Wonder Woman director Patty Jenkins discussed her journey and experience working on the box-office hit during The Hollywood Reporter‘s Director Roundtable, alongside Guillermo del Toro, Angelina Jolie, Denis Villeneuve, Joe Wright and Greta Gerwig.
“My story to get in [to Warner Bros.] was a long story because I had first talked to them about it in like 2005, and there were so many different chapters of why they were and when they weren’t going to make it. I feel it’s more like dating that it is like ‘buy my pitch.’ It’s serious, it’s a serious commitment,” she said.
“It’s the biggest advice I ever give young filmmakers is pick the right projects and take it seriously because you don’t want to end up in a bad marriage. You don’t want to be idealistic and be like ‘I can change their minds,” maybe you can’t and if you can’t you’re on that ride,” Jenkins added. “It was a wonderful experience, I don’t think it’s always that way but because of the fact there was such clarity about what we were doing going in.”
The film made more than $800 million at the international box office, but has been largely missing from Golden Globe and SAG nominations, minus a SAG nod for best stunt ensemble.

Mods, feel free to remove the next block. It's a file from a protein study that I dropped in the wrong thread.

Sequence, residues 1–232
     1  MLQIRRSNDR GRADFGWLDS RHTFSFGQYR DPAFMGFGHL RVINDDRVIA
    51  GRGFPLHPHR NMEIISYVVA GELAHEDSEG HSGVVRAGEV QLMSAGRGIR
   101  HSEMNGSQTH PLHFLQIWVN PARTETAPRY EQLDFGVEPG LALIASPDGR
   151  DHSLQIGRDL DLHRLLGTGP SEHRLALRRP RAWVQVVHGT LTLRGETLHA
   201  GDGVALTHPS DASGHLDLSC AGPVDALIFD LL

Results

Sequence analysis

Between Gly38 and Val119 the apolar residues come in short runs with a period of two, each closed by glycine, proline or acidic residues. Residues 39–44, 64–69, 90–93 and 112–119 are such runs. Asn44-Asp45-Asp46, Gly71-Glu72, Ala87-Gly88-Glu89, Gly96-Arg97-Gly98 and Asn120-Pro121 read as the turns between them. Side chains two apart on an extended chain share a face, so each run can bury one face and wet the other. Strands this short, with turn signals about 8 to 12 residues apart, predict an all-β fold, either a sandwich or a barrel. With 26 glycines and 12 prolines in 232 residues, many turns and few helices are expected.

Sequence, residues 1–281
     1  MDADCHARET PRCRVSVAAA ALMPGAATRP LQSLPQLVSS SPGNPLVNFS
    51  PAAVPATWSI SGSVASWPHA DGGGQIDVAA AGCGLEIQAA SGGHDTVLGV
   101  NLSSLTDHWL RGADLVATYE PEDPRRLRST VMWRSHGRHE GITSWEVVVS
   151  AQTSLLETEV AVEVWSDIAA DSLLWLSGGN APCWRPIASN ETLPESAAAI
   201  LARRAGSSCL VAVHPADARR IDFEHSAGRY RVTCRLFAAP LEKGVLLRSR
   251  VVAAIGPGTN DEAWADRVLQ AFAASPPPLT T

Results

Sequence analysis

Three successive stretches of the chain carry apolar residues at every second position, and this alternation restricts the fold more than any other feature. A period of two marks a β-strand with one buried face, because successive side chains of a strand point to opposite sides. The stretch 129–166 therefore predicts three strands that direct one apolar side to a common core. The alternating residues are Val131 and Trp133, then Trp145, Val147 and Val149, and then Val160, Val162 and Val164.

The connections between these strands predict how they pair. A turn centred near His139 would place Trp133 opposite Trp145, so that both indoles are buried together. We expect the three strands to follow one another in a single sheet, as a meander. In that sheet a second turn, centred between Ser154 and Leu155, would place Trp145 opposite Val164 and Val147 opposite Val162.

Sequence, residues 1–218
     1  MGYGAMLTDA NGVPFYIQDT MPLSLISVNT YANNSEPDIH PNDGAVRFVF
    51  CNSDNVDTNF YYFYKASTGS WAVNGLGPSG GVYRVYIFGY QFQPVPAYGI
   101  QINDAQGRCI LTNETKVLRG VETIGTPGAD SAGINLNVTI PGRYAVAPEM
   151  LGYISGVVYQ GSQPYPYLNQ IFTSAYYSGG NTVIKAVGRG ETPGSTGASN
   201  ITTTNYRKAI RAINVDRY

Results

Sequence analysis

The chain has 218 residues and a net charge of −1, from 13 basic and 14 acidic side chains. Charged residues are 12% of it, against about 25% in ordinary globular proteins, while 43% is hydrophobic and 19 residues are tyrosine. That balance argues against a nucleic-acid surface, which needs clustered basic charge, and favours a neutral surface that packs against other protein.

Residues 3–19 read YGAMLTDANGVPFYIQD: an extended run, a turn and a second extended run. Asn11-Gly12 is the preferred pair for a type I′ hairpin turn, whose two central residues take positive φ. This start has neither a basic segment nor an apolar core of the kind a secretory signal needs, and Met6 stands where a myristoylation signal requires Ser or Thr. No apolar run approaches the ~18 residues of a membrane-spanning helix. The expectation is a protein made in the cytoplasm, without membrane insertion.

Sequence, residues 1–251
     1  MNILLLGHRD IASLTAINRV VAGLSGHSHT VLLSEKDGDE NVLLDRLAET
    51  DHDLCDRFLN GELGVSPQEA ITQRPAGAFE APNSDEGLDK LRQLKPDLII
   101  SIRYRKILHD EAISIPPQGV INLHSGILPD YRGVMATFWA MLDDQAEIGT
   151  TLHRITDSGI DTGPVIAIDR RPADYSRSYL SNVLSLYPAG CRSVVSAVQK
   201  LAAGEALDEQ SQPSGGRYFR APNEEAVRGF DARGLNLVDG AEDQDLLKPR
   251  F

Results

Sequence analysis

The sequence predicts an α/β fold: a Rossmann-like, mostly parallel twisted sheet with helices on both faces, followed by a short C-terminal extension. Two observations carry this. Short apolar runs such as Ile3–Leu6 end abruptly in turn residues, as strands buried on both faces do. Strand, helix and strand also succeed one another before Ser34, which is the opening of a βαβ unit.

Jenkins has built her career in smaller indie films, but was nominated for an Emmy in 2012 for directing AMC’s The Killing. Before finding superhero success, though, she revealed she thought of leaving the industry.
“There was a period of time, not long before I made Wonder Woman, that the bottom had fallen out of the indie film market completely so the films I had ready to go no one wanted to make, they didn’t even want to read them. There was a period of them there where I was like ‘ugh, I just want to leave Hollywood,'” Jenkins said. “It’s ironic that I turned around and made Wonder Woman but at the moment I was like this may not be for me, maybe I need to move to Europe or something because I don’t know how to fit myself into this.”
The director also revealed her approach to getting the best out of her actors, saying that she never pushes anyone “to inflict trauma.”
“My job as a director is to conjure the best out of other people within what they have already to work with and maybe new scenarios,” Jenkins said. “I’ve heard about those things like lying to people or really tricking people or messing with them and that’s not cool for me, there’s a line in the sand of where I’m willing to go to bring beautiful things into the world, because how beautiful can they be?”
The full Director Roundtable airs on SundanceTV, Sunday, Jan. 21. Tune in to THR.com/roundtables for more roundtables featuring talent from the year’s top films.